I asked Thomas Frank what he thought since I knew he used the service.
So I tried it out. I set up an account with Rev.com, connected my YouTube channel, paid for captions on my latest video and within hours it was done.
Now, I thought they were gonna send me a caption file that I would have to upload, thus forcing me to work this step into my video-making process. But it turns out they do that shit for you!
Color me impressed.
Ok, so Thomas, a big-time YouTuber says it’s good for SEO, but is that really true? I decided to do some really quick research and ran across this article from SEO Journal.
Turns out, according to YouTube themselves, that captions actually factor into their recommendation engine.
Welp, time to caption all my videos now. At least all the new ones I created in 2019.
The following stats are a comparison between 2018 and 2019 on my channel. The reason I compare years is that the content is seasonal. I started this experiment in June 2019, the peak of pool season. The channel grew significantly in July, which was surprising because usually, July is when traffic starts to die down.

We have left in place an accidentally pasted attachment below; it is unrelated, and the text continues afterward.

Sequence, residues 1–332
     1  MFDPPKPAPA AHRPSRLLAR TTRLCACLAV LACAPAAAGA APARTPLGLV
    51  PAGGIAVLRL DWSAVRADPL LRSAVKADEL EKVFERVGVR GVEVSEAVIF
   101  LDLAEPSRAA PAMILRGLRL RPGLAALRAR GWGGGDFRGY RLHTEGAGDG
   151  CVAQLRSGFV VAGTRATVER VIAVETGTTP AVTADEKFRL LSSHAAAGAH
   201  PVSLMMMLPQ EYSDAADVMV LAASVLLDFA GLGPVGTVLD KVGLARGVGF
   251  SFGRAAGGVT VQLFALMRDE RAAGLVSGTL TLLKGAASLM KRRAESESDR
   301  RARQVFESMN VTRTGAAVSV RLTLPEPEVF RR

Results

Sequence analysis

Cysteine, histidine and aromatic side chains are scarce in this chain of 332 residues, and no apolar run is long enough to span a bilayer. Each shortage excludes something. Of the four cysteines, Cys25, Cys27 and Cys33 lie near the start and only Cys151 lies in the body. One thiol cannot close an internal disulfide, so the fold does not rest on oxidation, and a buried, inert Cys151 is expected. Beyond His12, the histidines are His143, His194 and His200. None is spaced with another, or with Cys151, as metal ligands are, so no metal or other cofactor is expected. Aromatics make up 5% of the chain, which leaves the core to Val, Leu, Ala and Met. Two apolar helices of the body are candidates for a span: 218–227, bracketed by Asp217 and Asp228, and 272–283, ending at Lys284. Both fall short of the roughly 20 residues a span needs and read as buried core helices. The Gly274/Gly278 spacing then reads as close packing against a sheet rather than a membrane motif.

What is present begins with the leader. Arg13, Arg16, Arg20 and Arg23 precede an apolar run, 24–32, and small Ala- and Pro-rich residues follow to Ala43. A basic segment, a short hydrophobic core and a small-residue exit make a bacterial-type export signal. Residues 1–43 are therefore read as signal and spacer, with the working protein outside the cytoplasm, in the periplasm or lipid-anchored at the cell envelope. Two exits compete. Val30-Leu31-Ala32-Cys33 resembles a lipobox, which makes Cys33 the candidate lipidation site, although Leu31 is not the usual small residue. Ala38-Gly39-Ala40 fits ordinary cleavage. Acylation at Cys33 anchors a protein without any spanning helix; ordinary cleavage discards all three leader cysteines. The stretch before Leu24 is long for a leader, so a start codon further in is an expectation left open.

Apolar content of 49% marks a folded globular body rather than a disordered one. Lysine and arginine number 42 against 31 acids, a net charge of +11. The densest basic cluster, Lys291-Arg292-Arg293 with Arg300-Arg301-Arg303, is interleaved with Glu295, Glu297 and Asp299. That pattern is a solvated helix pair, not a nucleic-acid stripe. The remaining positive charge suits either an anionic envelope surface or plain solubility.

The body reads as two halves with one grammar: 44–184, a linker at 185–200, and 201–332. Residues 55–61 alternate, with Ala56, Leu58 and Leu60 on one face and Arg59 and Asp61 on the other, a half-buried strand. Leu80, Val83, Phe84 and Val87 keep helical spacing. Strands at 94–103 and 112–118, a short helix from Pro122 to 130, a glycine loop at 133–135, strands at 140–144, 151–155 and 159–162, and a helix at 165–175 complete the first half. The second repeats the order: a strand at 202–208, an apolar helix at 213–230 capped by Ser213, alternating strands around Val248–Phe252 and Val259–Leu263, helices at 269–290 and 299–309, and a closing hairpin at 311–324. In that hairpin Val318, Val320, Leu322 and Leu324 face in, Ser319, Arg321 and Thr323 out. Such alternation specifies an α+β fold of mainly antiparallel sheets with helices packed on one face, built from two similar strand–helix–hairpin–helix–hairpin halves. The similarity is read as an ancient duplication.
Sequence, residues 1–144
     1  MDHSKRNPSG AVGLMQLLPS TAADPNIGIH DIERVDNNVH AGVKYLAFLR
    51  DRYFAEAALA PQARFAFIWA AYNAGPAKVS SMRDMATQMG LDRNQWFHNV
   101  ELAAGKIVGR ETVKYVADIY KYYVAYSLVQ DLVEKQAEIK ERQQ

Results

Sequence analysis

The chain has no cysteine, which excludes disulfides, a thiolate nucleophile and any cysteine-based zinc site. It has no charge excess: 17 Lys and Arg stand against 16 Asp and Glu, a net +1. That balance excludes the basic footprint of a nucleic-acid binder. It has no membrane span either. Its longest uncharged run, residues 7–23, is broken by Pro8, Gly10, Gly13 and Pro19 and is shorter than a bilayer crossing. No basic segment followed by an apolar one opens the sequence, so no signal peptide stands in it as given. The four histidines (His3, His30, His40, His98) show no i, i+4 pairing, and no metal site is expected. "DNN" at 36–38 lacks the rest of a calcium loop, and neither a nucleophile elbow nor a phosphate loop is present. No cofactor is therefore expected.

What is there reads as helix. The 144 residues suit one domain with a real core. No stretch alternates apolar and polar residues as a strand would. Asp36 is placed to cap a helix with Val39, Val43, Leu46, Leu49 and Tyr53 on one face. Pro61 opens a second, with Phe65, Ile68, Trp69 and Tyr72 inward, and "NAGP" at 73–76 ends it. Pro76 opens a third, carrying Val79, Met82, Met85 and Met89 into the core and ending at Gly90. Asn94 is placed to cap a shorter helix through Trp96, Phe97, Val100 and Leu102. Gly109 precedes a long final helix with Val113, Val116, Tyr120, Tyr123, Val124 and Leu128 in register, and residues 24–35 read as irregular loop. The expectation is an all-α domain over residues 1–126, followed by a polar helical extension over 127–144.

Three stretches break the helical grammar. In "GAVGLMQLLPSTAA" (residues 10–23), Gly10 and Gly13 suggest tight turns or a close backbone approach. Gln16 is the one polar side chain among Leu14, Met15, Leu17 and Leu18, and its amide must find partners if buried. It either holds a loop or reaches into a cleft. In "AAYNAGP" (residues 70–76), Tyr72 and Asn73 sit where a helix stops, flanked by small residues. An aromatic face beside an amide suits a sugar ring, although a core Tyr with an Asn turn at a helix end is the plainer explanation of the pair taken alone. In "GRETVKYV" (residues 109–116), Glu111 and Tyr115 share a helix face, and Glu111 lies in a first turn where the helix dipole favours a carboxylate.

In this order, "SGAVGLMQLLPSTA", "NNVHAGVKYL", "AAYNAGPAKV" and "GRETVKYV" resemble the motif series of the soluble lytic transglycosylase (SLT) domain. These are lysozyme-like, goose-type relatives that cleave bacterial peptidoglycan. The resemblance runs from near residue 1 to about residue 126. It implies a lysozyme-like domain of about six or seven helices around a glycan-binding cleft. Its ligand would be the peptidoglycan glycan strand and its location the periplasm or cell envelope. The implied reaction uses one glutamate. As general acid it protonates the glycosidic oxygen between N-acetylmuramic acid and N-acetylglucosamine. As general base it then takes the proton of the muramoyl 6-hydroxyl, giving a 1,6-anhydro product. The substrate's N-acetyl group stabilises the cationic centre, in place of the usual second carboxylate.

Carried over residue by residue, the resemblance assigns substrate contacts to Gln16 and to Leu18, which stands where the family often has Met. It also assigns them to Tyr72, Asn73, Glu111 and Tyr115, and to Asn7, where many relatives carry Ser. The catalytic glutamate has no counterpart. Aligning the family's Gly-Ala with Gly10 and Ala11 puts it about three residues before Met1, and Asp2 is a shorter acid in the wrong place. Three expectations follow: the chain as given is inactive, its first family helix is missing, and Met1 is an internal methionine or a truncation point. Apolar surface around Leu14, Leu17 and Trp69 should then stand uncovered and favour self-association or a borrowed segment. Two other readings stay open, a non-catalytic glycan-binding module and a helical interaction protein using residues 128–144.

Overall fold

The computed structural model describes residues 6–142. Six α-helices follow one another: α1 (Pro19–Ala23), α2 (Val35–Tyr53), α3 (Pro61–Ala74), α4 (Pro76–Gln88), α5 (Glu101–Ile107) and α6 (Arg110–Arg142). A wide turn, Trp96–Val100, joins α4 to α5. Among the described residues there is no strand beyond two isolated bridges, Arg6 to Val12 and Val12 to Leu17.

Before I get into that, I have a big success story with a single video.
My First “Hockey Stick” Moment
On April 5th, 2019 (two months before I started this experiment) I uploaded an 18-minute video that was just a screen recording of a presentation I made with Apple Keynote. Originally the video was called “The Pool Care Action Plan” and it was meant as a content upgrade, but that didn’t work. So I just embedded it on a few pages.
When I started this experiment, I changed the title, description, tags, and thumbnail. Based on some light keyword research, I found out people were searching for the term “pool maintenance for beginners.”